Oxycodone Withdrawal Timeline And Much More3 min read

Withdrawing from oxycodone is never an easy task, but one thing is for sure, if you set your mind to it, then you will be successful in reaching your goal. If you are suffering from opiate addiction, you should take the time to finish reading this article because it will provide you with some important information about the oxycodone withdrawal timeline.

Withdrawal Fears

If you have ever lived with a drug addict, you already know the complications of being an addict and withdrawal dangers. Of course, this may encourage you to never partake in oxycodone misuse. The fears of withdrawal will prevent many addicts from attempting to come clean. Sometimes it takes hitting rock bottom before a drug addict will decide that it is time to get clean.

Short-term Drug Use

A short-term drug user will not face a harsh withdrawal, as does a long-term drug user. These individuals may see an oxycodone withdrawal timeline ranging from 4-10 days. They will also experience acute withdrawal symptoms, including:

  • Nausea/vomiting
  • Diarrhea
  • Insomnia
  • Diaphoresis (excessive sweating)
  • Postnasal drip
  • Watery eyes
  • Muscle spasms

These symptoms are relatively mild compared to other types of opioid withdrawals. You must remember that the withdrawal timeline may vary from person to person. Age and the metabolism rate can alter this timeline, so be sure to keep this in mind when trying to withdraw from oxycodone.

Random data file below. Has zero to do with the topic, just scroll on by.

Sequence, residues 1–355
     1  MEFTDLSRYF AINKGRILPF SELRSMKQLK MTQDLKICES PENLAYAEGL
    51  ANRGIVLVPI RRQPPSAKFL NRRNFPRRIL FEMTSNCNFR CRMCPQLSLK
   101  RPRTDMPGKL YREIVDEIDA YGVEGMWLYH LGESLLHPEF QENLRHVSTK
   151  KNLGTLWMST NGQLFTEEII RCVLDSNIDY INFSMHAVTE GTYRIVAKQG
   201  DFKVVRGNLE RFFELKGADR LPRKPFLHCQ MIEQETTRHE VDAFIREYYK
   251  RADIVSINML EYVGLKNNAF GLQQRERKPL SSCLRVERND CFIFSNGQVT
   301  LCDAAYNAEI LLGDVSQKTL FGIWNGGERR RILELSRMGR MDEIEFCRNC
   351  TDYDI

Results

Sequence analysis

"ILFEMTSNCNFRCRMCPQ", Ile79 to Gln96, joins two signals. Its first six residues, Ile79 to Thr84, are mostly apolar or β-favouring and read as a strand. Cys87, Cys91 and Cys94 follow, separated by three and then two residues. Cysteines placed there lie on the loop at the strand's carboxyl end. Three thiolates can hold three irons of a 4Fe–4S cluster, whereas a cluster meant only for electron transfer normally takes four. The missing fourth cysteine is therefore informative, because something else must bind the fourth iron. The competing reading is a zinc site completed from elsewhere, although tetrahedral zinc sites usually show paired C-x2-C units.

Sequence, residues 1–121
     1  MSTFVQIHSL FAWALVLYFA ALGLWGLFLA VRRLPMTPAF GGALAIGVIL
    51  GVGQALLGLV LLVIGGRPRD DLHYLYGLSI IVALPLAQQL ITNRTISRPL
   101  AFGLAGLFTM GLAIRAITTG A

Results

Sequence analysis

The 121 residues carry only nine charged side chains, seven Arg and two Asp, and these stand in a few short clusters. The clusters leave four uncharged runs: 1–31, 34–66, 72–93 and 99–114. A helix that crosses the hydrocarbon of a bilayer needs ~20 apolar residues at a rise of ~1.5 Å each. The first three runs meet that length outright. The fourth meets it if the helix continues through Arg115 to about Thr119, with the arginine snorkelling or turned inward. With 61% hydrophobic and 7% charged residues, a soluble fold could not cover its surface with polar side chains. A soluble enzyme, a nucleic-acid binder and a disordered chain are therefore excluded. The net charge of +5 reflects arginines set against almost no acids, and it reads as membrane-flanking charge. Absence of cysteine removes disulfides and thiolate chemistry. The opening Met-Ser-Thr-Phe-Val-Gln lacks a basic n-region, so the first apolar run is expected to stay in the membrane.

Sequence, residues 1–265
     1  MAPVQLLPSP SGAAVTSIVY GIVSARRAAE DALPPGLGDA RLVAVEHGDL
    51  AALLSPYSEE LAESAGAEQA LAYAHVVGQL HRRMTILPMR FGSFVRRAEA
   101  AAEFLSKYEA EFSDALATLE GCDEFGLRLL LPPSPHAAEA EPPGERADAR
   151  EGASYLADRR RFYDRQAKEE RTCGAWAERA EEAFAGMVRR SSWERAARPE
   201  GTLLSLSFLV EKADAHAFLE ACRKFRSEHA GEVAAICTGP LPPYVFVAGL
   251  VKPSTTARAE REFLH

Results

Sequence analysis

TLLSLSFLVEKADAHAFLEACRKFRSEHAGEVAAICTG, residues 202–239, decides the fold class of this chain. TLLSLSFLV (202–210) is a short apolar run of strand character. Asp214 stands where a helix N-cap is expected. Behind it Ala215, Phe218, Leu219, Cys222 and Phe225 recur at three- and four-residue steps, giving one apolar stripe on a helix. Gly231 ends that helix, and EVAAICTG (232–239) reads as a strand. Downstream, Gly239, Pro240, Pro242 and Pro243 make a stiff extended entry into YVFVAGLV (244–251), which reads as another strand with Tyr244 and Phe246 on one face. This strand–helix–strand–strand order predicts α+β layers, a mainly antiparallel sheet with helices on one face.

Long-Term Drug Use

A hardcore or long-term drug user will face a tougher oxycodone withdrawal. This type of addict can expect to have a withdrawal timeline of 4-10 days, but some of the symptoms may last several months after the last dose. Suppose you have a history of long-term oxycodone abuse. In that case, you should expect to experience the same acute withdrawal symptoms as a short-term drug user, along with innumerable prolong symptoms, including:

  • Severe anxiety and restlessness
  • Lacking focus and altered decision-making skills
  • Extreme fatigue
  • Lack of pleasure and sexual desires
  • Short-term memory loss
  • Intense urge to use oxycodone again
  • Insomnia
  • Depression

You may need to speak with a psychologist about your mental issues to prevent them from becoming so severe that suicide will feel like your only option.


Many addicts that go through withdrawal may find themselves suffering from a relapse. The main reason for this is the severe cravings experienced during and after the withdrawal process. It may take 3-4 months before they subside, but remember, you much fight these urges. The impulses will be much stronger at the beginning of the process, but will gradually go away. It would help if you stayed away from other addicts because they will encourage you to return to your former drug addict’s behavior.

Exercise and Meditation

When you first start withdrawing from oxycodone, you will surely not be interested in physical activity, reading, or just enjoying life. You must keep your mind and body entertained because you do not want to sit around and dwell on your situation. It will get better, so hang in there and fight those terrible urges and withdrawal symptoms.

Exercise will benefit you in more ways than one. Walking, jogging and aerobics will not only get your heart pumping, but it will boost the neurotransmitters in your brain. Neurohormones such as vasopressin and norepinephrine are responsible for balancing and controlling mood. When you exercise, these neurohormones are being produced at a much faster rate. You will experience a joyful euphoria that is very desirable.


Ensure that you have a support group on hand, just if you need them, and you will, at some point. Rely on these individuals to help you through this challenging point in your life. Public support groups are also very beneficial to those that do not have family members nearby.